Raising the Bar on Green Roof Design
How does ASLA’s unconventional green roof design perform?
By Theodore Eisenman
In keeping with a rising tide of green roof design and construction across the country, the American Society of Landscape Architects
(ASLA) has recently completed an innovative example of vegetated rooftop at its
national headquarters in Washington, D.C. Unlike many conventional green roofs
that clothe a building’s existing profile with the requisite structure, soil,
and plants, Michael Van Valkenburgh Associates took the green roof standard a
step farther by redefining the three-dimensional character of the space.
A defining feature of ASLA’s new rooftop is two symmetrical waves that rise from a central walkway. Finished with galvanized steel decking
and a palette of grasses, succulents, and perennials, these geometric berms
speak to the idiosyncrasy of green roofs: a naturalistic landscape typology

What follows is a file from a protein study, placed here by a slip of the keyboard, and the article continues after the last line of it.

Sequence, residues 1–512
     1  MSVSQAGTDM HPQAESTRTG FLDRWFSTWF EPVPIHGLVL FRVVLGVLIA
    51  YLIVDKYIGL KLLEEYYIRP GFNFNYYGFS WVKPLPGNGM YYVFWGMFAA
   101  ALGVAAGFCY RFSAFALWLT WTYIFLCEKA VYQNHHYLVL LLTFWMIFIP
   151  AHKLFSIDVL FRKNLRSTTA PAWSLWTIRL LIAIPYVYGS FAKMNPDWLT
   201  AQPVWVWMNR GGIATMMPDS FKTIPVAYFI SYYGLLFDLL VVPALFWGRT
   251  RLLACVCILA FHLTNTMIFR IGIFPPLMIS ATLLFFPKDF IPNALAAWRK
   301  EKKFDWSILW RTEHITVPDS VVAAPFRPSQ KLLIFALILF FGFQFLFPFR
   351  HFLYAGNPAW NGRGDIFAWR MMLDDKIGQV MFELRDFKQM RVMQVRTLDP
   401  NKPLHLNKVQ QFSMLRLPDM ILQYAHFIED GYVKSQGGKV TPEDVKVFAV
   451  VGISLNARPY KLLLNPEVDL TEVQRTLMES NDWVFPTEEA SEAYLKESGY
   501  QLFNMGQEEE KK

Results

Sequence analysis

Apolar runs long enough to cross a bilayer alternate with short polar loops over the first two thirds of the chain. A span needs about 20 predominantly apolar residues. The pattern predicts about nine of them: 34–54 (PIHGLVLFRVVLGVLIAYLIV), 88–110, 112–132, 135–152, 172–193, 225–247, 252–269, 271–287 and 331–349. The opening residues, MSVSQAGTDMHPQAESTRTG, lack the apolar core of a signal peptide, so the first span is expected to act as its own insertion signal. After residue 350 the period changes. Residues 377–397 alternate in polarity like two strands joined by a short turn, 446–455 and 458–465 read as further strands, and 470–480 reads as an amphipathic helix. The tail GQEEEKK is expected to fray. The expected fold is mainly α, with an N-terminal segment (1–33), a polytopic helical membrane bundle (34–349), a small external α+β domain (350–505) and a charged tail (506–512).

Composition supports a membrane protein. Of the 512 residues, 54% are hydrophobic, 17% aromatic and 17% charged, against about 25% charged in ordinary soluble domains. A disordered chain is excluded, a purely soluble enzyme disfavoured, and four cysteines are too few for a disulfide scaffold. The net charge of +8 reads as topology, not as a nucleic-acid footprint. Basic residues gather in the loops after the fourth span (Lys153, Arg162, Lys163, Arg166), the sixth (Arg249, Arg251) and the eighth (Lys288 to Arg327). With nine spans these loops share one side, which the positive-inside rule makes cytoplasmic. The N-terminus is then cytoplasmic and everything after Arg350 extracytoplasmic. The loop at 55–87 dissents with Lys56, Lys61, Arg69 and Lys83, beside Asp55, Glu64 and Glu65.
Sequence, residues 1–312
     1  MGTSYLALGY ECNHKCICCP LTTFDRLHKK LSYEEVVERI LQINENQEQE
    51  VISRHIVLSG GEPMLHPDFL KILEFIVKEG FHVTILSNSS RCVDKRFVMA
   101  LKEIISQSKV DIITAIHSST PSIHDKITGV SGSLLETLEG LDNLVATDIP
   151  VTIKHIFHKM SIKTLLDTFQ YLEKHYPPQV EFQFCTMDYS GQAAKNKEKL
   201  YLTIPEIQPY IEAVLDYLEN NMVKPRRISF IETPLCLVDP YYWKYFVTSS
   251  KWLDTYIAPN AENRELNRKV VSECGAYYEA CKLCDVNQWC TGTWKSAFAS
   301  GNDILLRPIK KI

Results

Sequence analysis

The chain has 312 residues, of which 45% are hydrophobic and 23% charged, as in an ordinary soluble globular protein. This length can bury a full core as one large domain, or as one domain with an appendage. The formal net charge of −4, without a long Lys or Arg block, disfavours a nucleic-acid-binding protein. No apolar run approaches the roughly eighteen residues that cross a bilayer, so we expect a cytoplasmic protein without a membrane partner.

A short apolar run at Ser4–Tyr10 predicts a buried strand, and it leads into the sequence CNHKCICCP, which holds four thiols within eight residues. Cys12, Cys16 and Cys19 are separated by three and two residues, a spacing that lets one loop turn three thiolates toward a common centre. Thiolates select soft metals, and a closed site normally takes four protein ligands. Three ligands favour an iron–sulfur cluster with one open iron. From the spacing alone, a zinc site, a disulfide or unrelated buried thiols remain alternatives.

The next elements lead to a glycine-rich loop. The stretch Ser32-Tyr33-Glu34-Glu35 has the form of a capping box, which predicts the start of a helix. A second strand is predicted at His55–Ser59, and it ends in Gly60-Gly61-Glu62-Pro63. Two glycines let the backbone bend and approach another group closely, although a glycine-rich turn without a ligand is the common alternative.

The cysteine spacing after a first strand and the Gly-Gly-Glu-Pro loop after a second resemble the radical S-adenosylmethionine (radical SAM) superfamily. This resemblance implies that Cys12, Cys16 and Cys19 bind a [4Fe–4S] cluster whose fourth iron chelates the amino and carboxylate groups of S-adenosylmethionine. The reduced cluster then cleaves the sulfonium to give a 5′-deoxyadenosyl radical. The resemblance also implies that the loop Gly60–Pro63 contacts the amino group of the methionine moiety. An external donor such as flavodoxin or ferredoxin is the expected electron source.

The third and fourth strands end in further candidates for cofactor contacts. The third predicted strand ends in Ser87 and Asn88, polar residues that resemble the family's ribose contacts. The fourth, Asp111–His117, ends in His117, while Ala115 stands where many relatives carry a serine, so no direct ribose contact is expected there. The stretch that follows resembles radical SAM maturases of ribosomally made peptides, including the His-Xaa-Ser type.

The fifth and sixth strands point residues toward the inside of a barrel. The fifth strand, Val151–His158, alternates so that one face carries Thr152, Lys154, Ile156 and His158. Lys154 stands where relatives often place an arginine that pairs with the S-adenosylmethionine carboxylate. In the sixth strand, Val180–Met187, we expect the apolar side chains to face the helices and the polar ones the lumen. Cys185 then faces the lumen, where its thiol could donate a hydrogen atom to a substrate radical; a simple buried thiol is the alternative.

re-created several stories in the air. Unlike many green roofs, however, this
one does not conceal its architectonic nature.
“Many people might be surprised to know that Le Corbusier was exploring green roofs as early as the 1930s,” says project manager
Christopher Counts, ASLA, of the famed modernist architect. “We drew
inspiration from his work and philosophy and made a fairly intentional effort
to not hide the industrial character of the roof.”
At first glance, plants share equal billing with wood and
steel. But in an innovative gesture that sets this project apart from others,
the metal grating that dominates the walking surface floats three inches above
low-growing plants. As these sedums fill in, they are expected to peek through
the grating, creating a novel interplay between contrasting materials. Over
time, one can even envision the ground plane reflecting the movement pattern
and desire lines of users.
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